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Geology for Global Development

Friday Photo (52) – Taklamakan Desert

Summer time as an early career geochemist can mean many things, to some it is vacation time, to others it is field season, and yet for others it is time to enroll in a summer school. ECORD, the European Consortium for Ocean Drilling, offers at least one summer school a year. If you work with foraminifera you may be familiar with the Urbino Summer School in Paleoclimatology, sorry to disappoint, bu ...[Read More]

Geology for Global Development

Top Travel Tips (6) – Daniel Sharpe

In this month’s (first ever for our blog) Life of a Scientist interview, we are very happy to talk to Dr Miho Janvier, a Researcher at the Institut d’Astrophysique Spatiale in Orsay (France), whose work has shed some light on the understanding of solar eruptions and coronal mass ejections  (or solar storms) from their birth in the Sun’s corona to their evolution in interplanetary space ...[Read More]

Geology for Global Development

In The News – October 2012

A few things have caught my eye in the news recently, a mix of good and tragic: Toilets in India: The BBC reported last week that the Indian Supreme Court have ordered that every school have clean water and suitable sanitation facilities within six months. If this is obeyed, and goes hand in hand with appropriate hygiene training it could lead to many positive results, as outlined on the Tearfund ...[Read More]

VolcanicDegassing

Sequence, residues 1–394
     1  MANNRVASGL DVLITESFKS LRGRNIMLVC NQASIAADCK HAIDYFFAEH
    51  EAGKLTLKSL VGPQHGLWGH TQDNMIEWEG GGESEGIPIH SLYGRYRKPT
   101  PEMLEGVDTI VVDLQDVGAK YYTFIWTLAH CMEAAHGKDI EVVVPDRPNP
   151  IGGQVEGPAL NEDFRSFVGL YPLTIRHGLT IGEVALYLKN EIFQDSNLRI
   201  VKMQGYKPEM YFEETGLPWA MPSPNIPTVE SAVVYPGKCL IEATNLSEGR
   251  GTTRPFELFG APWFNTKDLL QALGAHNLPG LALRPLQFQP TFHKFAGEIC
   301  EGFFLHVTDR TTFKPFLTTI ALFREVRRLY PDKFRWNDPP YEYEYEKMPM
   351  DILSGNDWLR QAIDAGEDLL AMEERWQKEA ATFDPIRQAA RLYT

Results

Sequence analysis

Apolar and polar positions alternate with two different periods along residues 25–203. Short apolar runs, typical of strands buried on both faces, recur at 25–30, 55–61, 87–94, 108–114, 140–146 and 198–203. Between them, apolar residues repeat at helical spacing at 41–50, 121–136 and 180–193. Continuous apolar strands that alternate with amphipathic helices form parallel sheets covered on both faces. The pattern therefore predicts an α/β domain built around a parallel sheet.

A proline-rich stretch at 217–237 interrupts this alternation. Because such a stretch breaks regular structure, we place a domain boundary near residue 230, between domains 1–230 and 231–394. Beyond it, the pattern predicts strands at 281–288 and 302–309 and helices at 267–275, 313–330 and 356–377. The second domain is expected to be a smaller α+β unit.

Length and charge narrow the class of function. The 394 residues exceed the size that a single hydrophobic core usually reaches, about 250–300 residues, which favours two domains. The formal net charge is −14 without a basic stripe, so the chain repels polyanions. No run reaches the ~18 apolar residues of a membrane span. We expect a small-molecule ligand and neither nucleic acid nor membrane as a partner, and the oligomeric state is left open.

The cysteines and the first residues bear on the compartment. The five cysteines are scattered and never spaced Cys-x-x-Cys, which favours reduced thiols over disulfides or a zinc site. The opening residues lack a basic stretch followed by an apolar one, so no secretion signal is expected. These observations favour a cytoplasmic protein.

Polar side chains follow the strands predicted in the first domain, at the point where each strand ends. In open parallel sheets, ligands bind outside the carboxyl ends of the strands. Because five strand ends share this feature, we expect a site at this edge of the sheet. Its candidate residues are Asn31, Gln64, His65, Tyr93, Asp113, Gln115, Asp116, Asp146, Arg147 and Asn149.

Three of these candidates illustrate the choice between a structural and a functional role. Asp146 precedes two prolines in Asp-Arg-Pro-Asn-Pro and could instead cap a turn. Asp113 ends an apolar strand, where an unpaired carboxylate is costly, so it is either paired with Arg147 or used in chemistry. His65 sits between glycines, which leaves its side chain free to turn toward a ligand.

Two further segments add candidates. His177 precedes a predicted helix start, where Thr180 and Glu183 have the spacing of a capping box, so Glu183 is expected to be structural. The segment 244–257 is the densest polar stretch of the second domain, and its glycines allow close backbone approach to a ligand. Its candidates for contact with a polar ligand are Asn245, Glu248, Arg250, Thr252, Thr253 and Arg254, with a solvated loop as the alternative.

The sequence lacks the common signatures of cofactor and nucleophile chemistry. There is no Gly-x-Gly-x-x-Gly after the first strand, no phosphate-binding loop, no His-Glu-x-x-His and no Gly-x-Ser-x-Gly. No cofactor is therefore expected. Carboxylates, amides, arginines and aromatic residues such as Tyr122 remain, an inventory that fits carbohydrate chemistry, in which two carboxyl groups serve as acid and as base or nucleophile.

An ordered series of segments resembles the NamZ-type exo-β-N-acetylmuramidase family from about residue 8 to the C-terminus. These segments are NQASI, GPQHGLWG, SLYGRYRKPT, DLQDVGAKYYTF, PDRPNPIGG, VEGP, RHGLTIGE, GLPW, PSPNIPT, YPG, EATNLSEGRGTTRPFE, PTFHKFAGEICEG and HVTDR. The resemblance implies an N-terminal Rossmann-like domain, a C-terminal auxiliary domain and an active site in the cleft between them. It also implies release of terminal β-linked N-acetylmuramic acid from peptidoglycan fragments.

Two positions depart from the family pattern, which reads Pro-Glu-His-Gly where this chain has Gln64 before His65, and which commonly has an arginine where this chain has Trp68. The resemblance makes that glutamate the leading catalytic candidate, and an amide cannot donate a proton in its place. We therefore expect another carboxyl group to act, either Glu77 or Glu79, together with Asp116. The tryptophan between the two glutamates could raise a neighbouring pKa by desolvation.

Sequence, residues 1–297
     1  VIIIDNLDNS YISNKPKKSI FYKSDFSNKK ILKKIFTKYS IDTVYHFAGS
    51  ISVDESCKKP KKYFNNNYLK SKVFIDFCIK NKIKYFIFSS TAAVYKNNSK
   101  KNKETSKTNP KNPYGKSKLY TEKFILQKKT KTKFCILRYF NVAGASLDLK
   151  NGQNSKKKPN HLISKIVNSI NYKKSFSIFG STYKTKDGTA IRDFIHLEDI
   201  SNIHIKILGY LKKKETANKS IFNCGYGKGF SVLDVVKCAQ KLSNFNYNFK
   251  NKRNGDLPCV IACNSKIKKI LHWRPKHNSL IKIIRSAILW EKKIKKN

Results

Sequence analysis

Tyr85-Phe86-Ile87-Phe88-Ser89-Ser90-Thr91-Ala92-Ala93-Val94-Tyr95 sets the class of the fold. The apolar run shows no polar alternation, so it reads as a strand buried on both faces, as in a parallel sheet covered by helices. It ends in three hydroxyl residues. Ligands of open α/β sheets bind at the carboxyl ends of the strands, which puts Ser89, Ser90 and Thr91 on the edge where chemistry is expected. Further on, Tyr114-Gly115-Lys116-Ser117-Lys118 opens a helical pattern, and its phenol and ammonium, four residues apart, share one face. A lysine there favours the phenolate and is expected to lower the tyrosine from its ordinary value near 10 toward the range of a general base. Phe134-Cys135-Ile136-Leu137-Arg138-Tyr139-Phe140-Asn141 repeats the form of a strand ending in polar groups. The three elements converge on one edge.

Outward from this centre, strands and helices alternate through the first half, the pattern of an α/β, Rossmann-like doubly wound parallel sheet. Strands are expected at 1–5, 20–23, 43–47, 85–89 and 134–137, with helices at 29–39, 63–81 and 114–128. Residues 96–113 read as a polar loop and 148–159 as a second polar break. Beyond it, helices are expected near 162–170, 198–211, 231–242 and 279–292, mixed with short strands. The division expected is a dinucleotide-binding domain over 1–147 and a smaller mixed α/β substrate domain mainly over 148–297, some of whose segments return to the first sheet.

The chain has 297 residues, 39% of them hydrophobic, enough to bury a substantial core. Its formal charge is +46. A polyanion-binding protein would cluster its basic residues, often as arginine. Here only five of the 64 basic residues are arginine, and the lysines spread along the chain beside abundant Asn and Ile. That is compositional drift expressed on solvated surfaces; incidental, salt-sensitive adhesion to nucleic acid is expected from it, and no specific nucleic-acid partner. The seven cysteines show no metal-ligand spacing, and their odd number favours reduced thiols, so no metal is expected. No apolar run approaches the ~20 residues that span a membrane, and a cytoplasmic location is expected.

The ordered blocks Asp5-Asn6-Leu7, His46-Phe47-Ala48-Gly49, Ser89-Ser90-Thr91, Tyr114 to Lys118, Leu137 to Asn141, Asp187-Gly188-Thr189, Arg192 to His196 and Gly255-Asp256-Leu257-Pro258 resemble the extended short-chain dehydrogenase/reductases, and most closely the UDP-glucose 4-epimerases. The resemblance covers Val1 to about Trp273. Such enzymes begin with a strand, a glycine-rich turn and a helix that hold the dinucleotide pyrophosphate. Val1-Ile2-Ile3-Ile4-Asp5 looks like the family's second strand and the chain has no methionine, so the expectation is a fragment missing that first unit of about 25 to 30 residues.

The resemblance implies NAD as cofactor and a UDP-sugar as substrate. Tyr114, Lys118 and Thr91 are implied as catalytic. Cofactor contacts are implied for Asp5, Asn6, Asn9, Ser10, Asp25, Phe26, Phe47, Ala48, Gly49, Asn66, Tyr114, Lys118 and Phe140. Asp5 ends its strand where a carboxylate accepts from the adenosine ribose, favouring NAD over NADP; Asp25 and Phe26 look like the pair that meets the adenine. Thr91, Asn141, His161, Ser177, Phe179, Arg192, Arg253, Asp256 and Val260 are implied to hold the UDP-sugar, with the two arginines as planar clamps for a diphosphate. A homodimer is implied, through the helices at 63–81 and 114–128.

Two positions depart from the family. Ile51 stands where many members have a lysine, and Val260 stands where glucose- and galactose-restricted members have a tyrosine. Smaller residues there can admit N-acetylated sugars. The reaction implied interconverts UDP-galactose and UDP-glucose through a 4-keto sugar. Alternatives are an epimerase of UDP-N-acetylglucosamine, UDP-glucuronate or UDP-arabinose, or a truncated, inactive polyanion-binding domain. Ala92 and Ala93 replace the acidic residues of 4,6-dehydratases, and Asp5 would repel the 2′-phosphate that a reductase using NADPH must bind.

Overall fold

Montserrat: Open for Business

One of the great privileges of working on volcanoes is that you get the chance to visit some amazing places, and to meet some extraordinary people. Recently, I got the chance to return to Montserrat, a small volcanic island in the Caribbean which has been the site of a dome-forming eruption since July 1995. I had first visited Montserrat in early 1998, when I had a short tour as one of the staff s ...[Read More]

Geology for Global Development

Friday Photo (51) – Loess Collapse/Subsidence

In 1904, the Swedish chemist Svante Arrhenius suggested that the burning of fossil fuels to satiate our hunger for energy would increase the percentage of carbon dioxide (CO2) in the atmosphere, which would change the Earth’s temperature. Regular measurements of atmospheric CO2, started in the late 1950’s at remote locations such as Mauna Loa in Hawaii and the South Pole, confirmed his hypothesis ...[Read More]

Geology for Global Development

Lessons from China (3) – Geotourism, A Case Study

The EGU has been a pioneer in open-access publications, the mission statement can be found on the publications page of the EGU webpage. This is alongside EGGS, the EGU newsletter. There are currently 16 open access peer-reviewed journals, each with their own homepage which can be found on the publications page. On Fridays, articles from the journals will be highlighted along with research presente ...[Read More]

Geology for Global Development

Introducing ‘Geology for Global Development’

The EGU is dedicated to the pursuit of excellence in the geosciences – for the benefit of humanity, worldwide. This is a vision that we at Geology for Global Development both applaud and strongly align ourselves with. Good geoscience is essential to many of today’s global development challenges – a knowledge of geohazards, climate change, sustainable mining, hydrogeology, geotech ...[Read More]

VolcanicDegassing

An update on Santorini

As you may have heard by now, Santorini volcano has recently been showing some unrest. Of course, it has only just come to the attention of the media, some of which have taken things a little further than can be justified.  But for those of us involved in the work, this is a story which has taken rather longer to piece together. In my own case, the story started 26 years ago this week, when I firs ...[Read More]